Rajeev Chandrasekhar in Inside Politics
| India | Times of India
Two incidents rocked Delhi’s social conscience last weekend. Two children, a toddler aged all of 2 and half years and another aged 5 were brutally gang raped.
The reactions that poured through during the weekend underscored the culture of denial that exists around child sexual abuse – with many wrongly characterizing this as a “women’s safety” issue. Twitter, for instance, has been deliberating on the issue through the hashtag #MakeDelhiSafe, assuming, almost, that this is a localised, city specific issue, exclusively prevalent in the national capital.
It is important for us to recognize how this debate is being distorted and to acknowledge the pervasiveness of child sexual abuse in our society, and then collectively raise our voice against the problem. Having engaged in detail on the issue over the last 18 months, I have had a first-hand window into the reluctance of most in government and also the citizenry to talk about the issue. This is exactly why, despite being a member of Parliament, I have started a change.org petition, requesting Prime Minister Narendra Modi to commit to a time-bound roadmap to end child sexual abuse. In less than 4 weeks, the petition has drawn nearly 1.15 lakh signatures, and is encouraging more people to speak up. The start-point of any change is mass mobilization, and in the absence of this, no government shall be receptive to taking action against these crimes.
A lakh is a unit in the Indian numbering system equal to one hundred thousand (100,000; scientific notation: 105). In the Indian convention of digit grouping, it is written as 1,00,000.
More than half of all children in India are molested
India has the ignominy of being home to the largest number sexually abused children in the world. In a sample study conducted in 2007, the Ministry of Women and Child Development reported that 53% of all Indian children had been subject to some form of sexual abuse. Child sexual abuse leaves survivors emotionally and often, physically incapacitated for decades – instead of a positive childhood they deserve as the most vulnerable in our midst. That makes it even more important to make it our responsibility to ensure that our children are provided with a safe, healthy and happy childhood.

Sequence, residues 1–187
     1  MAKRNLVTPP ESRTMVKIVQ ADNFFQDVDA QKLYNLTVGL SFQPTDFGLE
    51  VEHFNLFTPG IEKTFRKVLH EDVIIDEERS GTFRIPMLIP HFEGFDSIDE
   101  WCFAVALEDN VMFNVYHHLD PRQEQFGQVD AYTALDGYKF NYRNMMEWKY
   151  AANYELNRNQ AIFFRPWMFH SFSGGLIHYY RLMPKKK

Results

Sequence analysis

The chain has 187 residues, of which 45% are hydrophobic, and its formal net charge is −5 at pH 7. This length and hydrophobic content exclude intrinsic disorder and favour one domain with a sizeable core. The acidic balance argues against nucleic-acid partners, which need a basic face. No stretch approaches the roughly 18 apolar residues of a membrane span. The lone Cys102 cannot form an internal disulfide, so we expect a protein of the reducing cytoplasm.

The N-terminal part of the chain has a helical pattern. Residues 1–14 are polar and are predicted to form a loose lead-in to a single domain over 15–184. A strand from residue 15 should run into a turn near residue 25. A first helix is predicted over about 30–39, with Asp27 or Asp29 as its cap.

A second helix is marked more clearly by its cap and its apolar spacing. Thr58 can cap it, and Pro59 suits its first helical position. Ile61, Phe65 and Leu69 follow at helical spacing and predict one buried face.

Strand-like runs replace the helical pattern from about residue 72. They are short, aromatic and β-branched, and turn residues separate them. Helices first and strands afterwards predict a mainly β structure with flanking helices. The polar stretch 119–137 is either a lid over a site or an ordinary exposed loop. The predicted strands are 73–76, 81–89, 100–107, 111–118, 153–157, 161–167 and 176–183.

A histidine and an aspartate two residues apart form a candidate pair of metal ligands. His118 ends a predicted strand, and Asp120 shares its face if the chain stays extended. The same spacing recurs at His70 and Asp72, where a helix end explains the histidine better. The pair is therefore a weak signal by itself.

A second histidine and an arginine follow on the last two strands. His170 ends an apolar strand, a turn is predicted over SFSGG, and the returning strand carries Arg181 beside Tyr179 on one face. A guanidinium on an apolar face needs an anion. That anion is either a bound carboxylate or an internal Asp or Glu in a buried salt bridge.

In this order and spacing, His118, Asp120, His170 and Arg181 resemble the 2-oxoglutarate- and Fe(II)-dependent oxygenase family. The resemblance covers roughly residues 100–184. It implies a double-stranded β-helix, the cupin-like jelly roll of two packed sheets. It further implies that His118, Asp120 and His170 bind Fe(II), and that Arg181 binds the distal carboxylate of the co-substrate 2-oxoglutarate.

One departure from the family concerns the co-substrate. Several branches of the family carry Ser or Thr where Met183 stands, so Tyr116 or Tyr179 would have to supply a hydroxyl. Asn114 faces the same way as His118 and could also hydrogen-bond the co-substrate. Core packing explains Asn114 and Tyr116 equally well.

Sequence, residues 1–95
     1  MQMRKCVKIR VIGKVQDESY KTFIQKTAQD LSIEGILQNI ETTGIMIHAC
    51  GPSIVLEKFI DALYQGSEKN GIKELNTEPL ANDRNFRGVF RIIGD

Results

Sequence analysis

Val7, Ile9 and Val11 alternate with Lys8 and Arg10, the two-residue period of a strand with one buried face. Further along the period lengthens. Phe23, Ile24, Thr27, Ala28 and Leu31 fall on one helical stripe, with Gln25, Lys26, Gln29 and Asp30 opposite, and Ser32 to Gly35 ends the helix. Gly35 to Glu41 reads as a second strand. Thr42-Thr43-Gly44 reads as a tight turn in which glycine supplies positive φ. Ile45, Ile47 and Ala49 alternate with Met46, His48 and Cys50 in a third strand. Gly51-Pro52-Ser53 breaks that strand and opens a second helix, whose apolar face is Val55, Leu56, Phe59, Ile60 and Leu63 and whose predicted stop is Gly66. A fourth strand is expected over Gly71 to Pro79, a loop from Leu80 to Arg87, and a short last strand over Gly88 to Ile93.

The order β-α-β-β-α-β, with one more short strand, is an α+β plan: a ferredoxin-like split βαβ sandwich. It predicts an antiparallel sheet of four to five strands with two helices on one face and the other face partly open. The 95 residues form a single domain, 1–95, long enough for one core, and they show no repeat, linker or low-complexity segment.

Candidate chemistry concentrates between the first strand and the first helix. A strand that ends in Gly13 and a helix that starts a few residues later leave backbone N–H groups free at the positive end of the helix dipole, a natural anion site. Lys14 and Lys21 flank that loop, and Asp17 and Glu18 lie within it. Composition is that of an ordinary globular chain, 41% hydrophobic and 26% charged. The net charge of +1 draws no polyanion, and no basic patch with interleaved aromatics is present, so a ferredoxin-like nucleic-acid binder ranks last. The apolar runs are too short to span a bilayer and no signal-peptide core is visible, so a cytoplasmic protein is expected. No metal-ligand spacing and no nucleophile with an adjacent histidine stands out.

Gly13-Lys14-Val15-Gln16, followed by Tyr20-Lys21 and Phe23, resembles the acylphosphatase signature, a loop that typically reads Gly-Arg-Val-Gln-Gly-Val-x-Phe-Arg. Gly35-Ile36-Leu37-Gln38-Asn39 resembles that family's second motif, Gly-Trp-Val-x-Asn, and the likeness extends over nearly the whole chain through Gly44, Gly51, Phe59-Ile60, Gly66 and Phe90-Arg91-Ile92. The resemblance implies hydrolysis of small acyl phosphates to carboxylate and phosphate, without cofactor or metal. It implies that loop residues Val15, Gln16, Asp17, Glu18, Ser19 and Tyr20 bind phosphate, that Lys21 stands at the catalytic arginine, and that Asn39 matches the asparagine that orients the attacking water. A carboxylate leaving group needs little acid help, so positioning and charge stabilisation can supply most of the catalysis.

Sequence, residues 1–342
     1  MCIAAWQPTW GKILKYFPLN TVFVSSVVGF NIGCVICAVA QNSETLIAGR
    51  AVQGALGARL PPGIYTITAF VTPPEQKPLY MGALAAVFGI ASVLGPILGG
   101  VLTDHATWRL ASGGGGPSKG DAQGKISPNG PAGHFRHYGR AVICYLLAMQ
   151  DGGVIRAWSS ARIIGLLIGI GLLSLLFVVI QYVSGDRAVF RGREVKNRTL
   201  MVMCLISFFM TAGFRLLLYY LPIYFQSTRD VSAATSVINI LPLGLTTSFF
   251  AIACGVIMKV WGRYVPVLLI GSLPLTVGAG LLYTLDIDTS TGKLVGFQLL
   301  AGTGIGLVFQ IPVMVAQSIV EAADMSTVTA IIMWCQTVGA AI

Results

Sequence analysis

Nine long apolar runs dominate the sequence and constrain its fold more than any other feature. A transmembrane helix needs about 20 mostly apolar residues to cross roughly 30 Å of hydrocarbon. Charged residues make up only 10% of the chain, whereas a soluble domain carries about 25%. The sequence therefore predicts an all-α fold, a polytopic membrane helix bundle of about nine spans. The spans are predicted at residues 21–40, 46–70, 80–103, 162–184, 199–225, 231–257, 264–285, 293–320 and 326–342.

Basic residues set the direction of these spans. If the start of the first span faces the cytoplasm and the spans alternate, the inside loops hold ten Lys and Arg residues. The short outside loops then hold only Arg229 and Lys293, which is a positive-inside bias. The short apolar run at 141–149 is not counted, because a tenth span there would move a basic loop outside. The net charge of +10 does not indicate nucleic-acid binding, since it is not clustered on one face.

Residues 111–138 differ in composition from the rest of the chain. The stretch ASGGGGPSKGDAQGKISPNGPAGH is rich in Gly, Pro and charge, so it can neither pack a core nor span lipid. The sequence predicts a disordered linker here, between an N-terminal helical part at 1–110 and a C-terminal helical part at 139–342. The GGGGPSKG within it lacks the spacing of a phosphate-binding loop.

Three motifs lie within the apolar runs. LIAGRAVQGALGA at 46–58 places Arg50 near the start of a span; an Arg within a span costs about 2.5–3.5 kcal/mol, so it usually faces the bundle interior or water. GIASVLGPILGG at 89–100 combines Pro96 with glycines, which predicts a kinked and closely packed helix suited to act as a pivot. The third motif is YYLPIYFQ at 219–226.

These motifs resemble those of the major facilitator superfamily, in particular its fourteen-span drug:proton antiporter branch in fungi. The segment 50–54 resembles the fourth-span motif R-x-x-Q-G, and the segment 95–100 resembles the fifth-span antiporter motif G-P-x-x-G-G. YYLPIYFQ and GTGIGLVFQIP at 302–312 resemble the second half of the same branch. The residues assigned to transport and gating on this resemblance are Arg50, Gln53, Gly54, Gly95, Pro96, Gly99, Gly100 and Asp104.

My petition to the prime minister makes three specific requests:
First, it asks for the government to conduct an exhaustive fact finding study to assess the full extent of the problem (both victims and predators) in our country. The oft quoted 2007 study of the Ministry of Women and Child Development was merely a sample study covering 13 states and only 12447 children, 2324 young adults and 2449 stakeholders. It is important that as a nation we understand the depth, scale and extent of this challenge and the predators. The child safety and protection discourse in India has a legacy of data inadequacy both about the victims and the criminals. This only tells us that despite children constituting more than 30% of the country’s population, no attempt has been made by any government in the last 68 years, to analyze in details crimes against them including that of the issue of cases and criminals.
Second, it asks the PM to make protecting our children a national priority and draw out a set of time-bound actionable solutions, including new laws and training/responsibilities for the governments and various institutions like police and judiciary. This needs the involvement of all stakeholders including the police, judiciary, child rights activists, policymakers and others. This national plan for child safe India should be designed with the objective of ensuring that there are enough protective institutional mechanisms in place that ensure the safety of our children from sexual predators in all institutions, including schools and orphanages
Importantly, all this to be backed by a sense of urgency so that this can be done at the earliest – reversing decades of neglect on this very important issue.
Thirdly, I have requested the government to urgently establish a framework for the regulation of child care institutions such as schools, orphanages, tutorials and others, and involve all concerned stakeholders including child rights groups and citizens groups in its designing. This body must create and enforce statutory guidelines for the protection of our children.
While great awareness has been raised about sexual violence against women in India, much less is known about the problem of sexual abuse of children. The spate of incidents that have hounded our children over the last year, from across the nation should serve as a wake up call for government, citizens and the media. India’s children deserve better, and it is up to us to ensure they get that.